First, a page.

Give :set relativenumber a try

Those who have seen me give vim-related talks in the past may have heard that I’m against vim’s relativenumber setting.

Well my friends, I’m here to tell you that I was wrong. relativenumber is awesome, and we should all be using it.

Here’s how I wield relativenumber's awesome power:

  • [count]j
  • [count]k
  • [count]<
  • [count]>
  • [count]c
  • [count]d

Pretty much anything you want to do to multiple lines, you can do faster with relativenumber. In fact, I’m starting to think that using visual mode might be a vim antipattern.

Thanks to @jferris for showing me the light.

5 Likes

Why where you against relativenumber in the past? I’m guessing you had reasons. Maybe the reasons would still apply in some situations?

Good question!

You’re right, the reasons still do apply:

  1. It makes things a little harder when pairing. (“Change line 7, no 8, no 9”)
  2. It’s slightly more annoying to locate which line of your test failed. I just use [line number]G to jump there, but it’s not as easy as scanning.

Ben,

Could you give a snippet from your .vimrc of this section… want to see how the [count]j ,etc is setup… newbie =)

[count] just refers to me putting a number before the command. So I see that I want to move to a line 9 lines down (easy to see thanks to relativenumber), so I type 9j. That’s it.

My vimrc just has set relativenumber in it. You can see my dotfiles here if you like: https://github.com/r00k/dotfiles

Thanks I will give it a try…

That’s cool. You can do a lot of the same with normal line numbers. Here are the corresponding commands:

  • [line number]G
  • <[line number]G
  • [line number]G

  • c[line number]G
  • d[line number]G

So I agree that you can do things a lot faster if you stop using visual mode. I disagree that it’s relativenumber that’s making things faster.

1 Like

@kenearley Didn’t know you could do that. Thanks!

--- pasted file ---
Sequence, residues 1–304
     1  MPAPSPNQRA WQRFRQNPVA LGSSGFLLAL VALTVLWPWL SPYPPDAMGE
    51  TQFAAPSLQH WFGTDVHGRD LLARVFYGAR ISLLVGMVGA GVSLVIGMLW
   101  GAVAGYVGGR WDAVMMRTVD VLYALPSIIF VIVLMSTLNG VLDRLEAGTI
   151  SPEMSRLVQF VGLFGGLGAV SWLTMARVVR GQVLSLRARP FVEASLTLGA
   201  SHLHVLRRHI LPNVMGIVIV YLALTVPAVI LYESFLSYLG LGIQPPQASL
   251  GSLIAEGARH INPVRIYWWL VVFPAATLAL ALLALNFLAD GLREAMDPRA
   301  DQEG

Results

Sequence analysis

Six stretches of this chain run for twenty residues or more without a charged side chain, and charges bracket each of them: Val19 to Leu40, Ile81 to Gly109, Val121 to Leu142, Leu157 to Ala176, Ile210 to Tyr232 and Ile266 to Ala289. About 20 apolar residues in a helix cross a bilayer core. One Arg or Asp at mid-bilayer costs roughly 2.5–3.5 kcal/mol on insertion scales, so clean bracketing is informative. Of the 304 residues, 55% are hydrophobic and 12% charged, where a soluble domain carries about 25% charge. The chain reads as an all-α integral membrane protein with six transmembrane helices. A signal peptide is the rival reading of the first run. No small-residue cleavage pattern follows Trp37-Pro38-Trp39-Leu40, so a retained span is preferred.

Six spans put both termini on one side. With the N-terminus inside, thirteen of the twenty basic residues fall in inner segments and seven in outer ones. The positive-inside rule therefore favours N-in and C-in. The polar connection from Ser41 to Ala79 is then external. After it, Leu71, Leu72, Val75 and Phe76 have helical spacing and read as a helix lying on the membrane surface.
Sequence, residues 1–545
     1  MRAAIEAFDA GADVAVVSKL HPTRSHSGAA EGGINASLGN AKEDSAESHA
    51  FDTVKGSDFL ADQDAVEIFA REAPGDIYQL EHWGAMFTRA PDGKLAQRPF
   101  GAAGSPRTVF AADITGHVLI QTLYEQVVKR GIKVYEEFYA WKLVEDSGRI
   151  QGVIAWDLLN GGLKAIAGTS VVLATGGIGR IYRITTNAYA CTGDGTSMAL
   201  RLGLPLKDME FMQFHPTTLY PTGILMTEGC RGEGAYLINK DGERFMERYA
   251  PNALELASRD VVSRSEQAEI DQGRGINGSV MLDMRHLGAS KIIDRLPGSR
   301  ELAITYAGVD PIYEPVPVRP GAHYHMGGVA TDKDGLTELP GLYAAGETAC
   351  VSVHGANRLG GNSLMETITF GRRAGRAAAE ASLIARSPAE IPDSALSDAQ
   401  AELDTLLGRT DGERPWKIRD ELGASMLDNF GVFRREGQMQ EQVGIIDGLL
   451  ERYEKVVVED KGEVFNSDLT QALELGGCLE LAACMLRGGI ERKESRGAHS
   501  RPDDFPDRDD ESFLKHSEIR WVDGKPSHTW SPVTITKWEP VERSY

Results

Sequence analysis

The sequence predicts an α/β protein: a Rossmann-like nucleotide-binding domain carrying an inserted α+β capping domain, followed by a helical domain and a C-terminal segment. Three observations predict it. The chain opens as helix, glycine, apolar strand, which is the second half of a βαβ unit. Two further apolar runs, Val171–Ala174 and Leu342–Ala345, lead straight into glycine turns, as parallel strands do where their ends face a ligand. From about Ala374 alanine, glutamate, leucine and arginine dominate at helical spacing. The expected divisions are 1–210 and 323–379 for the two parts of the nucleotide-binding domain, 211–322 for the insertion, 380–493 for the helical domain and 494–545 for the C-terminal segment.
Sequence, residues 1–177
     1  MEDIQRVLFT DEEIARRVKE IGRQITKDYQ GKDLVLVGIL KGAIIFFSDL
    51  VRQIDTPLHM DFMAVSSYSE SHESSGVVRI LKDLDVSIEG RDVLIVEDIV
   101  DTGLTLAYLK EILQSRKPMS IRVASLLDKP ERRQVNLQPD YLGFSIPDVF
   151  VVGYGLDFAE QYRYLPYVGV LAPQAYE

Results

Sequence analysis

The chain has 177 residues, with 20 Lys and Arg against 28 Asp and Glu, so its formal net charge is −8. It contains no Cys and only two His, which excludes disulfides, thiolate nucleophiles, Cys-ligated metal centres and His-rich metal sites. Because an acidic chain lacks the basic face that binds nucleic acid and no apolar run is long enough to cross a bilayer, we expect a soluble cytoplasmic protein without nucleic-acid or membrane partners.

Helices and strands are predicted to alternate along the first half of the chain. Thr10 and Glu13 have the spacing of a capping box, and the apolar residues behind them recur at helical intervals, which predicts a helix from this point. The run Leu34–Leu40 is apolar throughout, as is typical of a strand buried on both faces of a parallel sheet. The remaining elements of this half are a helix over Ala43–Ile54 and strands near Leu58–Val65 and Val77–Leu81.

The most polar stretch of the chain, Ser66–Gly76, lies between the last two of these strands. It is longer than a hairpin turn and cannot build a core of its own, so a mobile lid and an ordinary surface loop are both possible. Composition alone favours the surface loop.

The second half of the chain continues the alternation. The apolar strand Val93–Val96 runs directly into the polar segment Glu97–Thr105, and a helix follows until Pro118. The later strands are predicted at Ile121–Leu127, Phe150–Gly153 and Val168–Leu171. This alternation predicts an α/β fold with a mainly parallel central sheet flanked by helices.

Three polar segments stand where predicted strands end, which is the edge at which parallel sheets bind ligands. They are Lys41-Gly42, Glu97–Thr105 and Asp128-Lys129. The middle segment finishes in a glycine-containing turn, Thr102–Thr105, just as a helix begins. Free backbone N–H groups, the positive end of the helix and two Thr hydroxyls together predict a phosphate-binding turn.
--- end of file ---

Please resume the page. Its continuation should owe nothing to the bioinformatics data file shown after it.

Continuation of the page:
I just went back to the vim default (no numbers) as an experiment. Too early to say whether it’s painful.

I still plan to use :linenumber when I need to reference the line for a failing test and will be giving @kenearley’s tips a try, too!

I read jeff kreeftmeijer’s article on super fast vim movement, then I vundled his number toggle plugin very cool… I am adjusting to (toggling helps) but then again I am newer to vim so it is just another speed trick to me =)

:relativenumber tends to be faster for me because the numbers are smaller. If you’re on line 80, it would be >85G to indent the next 5 lines with :number, but just >5j with :relativenumber. It saves me a keystroke with almost every motion. Two if you include shift.

No line numbers? Do you have any expected wins in mind or are you just interested in trying stock vim?

Not sure yet. Just removing it to make sure I understand where the pain is.

Did you guys notice that if you set both things set relativenumber and set number you will get a hybrid of both things?
Something alone this lines:

0
1
2
26
4

Hope this help :wink:

2 Likes

@Rafael_George Thanks for sharing! This is a new feature in Vim 7.4. I have yet to switch from 7.3, but this is one of the main reasons I am considering it (the regex engine was also sped up a great deal which sounds nice).

This post has some added detail on the new hybrid mode.

2 Likes

My co-worker that introduce vim to me also uses relative number, it’s very easy to delete, move(indent), i’m still trying to go up and down using numbers e.g. 8j, 5k, still very new to vim like 3 weeks :), can’t get myself to not use it, tried to go back to sublime, rubymine.

Also using thoughtbot laptop and dotfiles made the switch smoooth!